This recipe is perfect during the winter and early spring- kale is abundant locally during these times and this is a great way to use a whole bunch! I’m not exaggerating when I say I’ve bought a bunch of kale every weekend at the farmer’s market and made this pesto with it for the last month. It tastes delicious, is packed with kale, and goes with anything- I’ve paired it with pasta, salmon, roasted veggies, & grains.
This recipe is adapted from Bon Appetit– after five times doing this on my own, I’ve identified 1) weights of all the ingredients so you can just use a scale and no measuring cups 2) the perfect ratio of ingredients (small adjustments here and there) and 3) which shortcuts can be taken. The key to making this vibrant green and tasty is blanching the kale, which tenderizes it.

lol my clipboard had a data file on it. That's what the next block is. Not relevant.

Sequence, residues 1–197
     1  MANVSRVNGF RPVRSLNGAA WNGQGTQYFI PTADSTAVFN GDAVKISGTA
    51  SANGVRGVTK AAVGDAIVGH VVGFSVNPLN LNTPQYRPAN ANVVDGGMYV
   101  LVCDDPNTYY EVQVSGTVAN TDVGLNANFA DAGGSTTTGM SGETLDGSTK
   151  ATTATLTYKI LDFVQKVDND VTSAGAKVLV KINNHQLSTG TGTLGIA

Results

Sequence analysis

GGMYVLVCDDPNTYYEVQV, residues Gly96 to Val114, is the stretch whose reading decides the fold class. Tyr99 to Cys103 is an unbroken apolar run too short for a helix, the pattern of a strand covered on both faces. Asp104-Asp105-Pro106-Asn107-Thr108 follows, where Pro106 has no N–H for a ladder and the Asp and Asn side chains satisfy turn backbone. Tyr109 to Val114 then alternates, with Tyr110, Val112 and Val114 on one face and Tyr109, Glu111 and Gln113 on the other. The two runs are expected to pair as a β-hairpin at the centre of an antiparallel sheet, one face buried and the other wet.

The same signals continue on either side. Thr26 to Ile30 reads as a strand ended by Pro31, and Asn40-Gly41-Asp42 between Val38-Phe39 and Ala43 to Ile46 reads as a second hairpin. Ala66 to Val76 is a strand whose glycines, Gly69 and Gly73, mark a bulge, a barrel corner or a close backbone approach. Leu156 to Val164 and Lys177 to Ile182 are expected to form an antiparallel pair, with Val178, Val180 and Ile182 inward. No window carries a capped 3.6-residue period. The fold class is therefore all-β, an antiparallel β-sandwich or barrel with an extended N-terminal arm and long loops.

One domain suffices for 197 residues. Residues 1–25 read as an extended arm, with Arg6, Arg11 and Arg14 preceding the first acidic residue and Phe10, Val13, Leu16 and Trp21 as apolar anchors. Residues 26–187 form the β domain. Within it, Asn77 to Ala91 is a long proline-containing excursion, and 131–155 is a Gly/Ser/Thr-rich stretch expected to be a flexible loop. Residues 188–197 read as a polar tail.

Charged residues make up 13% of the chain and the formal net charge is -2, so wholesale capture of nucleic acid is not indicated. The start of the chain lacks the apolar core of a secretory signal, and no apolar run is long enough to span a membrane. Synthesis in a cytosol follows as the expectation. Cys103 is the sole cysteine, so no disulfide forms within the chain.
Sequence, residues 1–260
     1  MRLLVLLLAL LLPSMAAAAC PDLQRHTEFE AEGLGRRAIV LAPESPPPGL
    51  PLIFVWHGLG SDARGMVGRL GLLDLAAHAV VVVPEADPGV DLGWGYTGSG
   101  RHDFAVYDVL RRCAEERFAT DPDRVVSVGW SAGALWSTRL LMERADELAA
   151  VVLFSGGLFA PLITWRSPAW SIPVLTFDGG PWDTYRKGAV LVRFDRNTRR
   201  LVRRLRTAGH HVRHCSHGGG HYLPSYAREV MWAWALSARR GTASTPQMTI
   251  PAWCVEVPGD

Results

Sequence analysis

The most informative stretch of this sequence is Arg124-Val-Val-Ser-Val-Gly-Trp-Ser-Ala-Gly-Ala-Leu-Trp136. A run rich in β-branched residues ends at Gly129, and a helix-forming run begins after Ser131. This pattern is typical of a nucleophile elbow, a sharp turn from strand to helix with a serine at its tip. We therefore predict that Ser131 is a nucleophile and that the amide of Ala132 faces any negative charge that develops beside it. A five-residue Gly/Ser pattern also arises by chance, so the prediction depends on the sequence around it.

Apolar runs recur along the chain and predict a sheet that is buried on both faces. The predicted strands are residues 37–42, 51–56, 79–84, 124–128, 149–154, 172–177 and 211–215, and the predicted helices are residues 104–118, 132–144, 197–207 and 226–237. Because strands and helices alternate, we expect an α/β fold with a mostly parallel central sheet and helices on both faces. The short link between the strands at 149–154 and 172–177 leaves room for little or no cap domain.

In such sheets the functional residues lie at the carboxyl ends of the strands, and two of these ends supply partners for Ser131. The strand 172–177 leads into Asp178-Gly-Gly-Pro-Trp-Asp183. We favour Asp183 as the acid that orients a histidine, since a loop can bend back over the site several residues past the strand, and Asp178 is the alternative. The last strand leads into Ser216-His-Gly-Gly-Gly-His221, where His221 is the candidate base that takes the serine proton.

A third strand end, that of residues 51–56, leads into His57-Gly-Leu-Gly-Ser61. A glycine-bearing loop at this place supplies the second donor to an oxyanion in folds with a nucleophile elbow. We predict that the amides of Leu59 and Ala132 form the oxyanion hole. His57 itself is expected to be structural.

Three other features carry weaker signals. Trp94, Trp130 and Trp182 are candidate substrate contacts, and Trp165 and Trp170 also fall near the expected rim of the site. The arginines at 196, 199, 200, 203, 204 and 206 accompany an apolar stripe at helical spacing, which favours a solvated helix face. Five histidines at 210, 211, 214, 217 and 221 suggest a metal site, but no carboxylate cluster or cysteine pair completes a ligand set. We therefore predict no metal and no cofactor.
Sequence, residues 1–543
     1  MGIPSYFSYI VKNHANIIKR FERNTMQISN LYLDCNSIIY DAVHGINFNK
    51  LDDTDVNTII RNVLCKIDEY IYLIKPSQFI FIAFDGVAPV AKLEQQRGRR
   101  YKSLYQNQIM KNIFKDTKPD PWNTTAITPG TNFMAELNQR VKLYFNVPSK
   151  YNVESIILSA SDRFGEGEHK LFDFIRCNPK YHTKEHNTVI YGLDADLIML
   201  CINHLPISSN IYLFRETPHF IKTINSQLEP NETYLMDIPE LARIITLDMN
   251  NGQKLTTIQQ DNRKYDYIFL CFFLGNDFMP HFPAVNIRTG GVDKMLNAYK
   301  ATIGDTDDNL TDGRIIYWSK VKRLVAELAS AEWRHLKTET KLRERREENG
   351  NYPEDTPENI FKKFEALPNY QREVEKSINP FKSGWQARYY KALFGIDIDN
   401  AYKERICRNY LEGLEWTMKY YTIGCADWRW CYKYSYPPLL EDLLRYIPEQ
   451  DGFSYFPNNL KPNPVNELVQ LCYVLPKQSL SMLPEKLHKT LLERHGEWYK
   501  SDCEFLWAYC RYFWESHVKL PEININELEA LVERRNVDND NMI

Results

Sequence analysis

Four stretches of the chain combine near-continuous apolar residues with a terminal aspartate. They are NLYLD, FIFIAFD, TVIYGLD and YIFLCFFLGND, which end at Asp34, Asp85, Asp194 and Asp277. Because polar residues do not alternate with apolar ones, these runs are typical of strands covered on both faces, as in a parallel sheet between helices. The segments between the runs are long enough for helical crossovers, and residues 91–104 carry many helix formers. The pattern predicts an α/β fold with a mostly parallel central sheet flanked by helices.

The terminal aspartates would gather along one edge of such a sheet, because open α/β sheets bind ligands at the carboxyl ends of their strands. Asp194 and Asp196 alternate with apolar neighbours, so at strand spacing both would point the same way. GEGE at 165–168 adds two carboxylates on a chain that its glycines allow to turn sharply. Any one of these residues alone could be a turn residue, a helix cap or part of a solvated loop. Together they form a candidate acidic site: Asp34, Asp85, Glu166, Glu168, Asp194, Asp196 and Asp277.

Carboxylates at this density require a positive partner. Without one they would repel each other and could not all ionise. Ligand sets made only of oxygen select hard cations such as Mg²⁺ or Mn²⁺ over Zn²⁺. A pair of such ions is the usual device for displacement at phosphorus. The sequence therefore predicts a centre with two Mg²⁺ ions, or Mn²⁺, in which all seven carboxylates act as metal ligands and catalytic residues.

- 1 bunch lacinto kale, 8-12 ounces- sounds like a big variety, but I’ve weighed my bunch every time and it’s varied between these weights and been fine **update: you can also use curly kale!
- 1/3 cup (37g) almonds (or other nut of your choice- I’ve also done cashews and pistachios)
- 1/4 cup (45g) extra virgin olive oil
- 1-2 garlic cloves
- 0.5 ounce parmesan, (about 1/4 cup or so)
- 1/2 teaspoon sea salt, to taste
- Blanch kale. A slightly cumbersome step, but definitely needed for this recipe. To do this, bring a large pot of water to a boil. Add in kale until bright and vibrant green and just slightly soft, about 2 minutes. Remove kale and run under cold water to stop cooking immediately.
- Remove stems from kale. You can do this before blanching, but I prefer after. When I initially did this recipe, I removed the entire stem by using my hands. As I’ve continued not do this recipe, I found that only the bottom, stalky parts of the kale needed to be chopped off and the thinner part of the stalk at the top was fine. This saved a lot of time and food waste.
- Place nuts, oil, and garlic in food processor and process until nuts are finely ground.
- Add in kale, parmesan, and salt and continue to process until the kale is finely chopped and it looks like the texture of pesto. Drizzle in more oil if you prefer to have a more oily texture.